BUTTE COUNTY, Calif. – After a thorough investigation, CAL FIRE said the Dixie Fire was caused by a tree contacting electrical distribution lines that are owned and operated by PG&E.
“Pretty frustrating and disheartening,” Dixie Fire survivor Greg Walsh said. “Like I said I had this overwhelming sense, wherever I want to go PG&E is going to burn it up.”
Greg Walsh is a two-time fire survivor.
First, he lost his home in the Camp Fire and then again in the Dixie Fire.
“I lost all the sentimental stuff the first time,” Walsh said. “So, then I was just rebuilding and lost all of that stuff and now I have to do it again.”
There was one thing Walsh knew he couldn’t leave behind as the Dixie Fire raged toward his home in Greenville.
“I grabbed my cat who was a Camp Fire survivor,” Walsh said. “He lived through the Camp Fire. So that was cool. I grabbed him and went.”
Walsh said he wasn’t surprised to find out PG&E is linked to the cause of another fire.
“PG&E negligence and selfishness and greed,” Walsh said. “It is also bad forest management to a certain extent. I mean for a generation. It is complicated but PG&E sure lit a lot of fires.”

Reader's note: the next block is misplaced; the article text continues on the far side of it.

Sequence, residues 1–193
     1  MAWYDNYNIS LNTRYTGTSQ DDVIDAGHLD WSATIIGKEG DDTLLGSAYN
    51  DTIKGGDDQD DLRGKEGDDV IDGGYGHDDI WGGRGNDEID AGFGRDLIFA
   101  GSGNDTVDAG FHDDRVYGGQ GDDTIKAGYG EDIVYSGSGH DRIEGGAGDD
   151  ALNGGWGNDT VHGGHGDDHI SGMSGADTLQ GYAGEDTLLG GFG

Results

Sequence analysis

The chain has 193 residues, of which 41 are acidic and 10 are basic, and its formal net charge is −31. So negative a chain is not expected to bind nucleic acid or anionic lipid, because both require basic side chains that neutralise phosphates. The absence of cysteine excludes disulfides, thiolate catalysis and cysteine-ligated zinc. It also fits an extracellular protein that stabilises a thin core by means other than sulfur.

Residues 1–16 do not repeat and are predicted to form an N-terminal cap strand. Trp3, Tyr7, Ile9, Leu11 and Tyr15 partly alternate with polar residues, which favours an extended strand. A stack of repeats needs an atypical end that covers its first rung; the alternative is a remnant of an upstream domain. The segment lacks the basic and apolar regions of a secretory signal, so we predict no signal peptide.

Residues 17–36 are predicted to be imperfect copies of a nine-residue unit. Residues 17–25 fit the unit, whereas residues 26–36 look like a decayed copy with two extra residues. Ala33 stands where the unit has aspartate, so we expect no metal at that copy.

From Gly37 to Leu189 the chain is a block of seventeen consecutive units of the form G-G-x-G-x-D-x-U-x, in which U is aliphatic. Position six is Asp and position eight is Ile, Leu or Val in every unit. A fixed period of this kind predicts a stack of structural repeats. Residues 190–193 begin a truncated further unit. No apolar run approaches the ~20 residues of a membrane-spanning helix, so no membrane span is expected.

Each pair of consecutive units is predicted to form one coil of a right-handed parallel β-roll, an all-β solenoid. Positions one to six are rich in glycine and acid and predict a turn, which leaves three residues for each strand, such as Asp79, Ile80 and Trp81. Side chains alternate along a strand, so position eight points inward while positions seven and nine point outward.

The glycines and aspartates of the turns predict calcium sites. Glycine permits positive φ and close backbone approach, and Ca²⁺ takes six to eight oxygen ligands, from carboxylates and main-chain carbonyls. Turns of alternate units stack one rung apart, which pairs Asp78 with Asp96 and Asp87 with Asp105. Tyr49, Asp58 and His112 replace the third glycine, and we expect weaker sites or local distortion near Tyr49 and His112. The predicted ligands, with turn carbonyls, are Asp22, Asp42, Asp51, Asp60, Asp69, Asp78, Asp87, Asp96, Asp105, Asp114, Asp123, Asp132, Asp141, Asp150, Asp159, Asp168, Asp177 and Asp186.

Action News Now spoke with Butte County District Attorney Mike Ramsey about possible criminal charges for PG&E.
“They would be prosecuted, they would first of all be charged with a crime,” Ramsey said. “The crime we are looking at is penal code section 452 that is unlawfully causing a fire to show beyond reasonable doubt that a defendant is that a person or corporation is criminally guilty of causing a fire.”
For Walsh, what comes next is still up in the air.
“I mean honestly I really don’t know,” Walsh said. “The extent of my plan so far is to go back to Quincy, be in the neighborhood, see how it feels, see how the economy is going, and see what their plan is for recovery.”
The Dixie Fire investigative report has been handed over to the Butte County District Attorney’s office and Ramsey said it has started its investigation, but it will take time.
PG&E released a statement saying it is committed to burying ten thousand miles of lines and the tree in question is one of 8 million trees near PG&E power lines.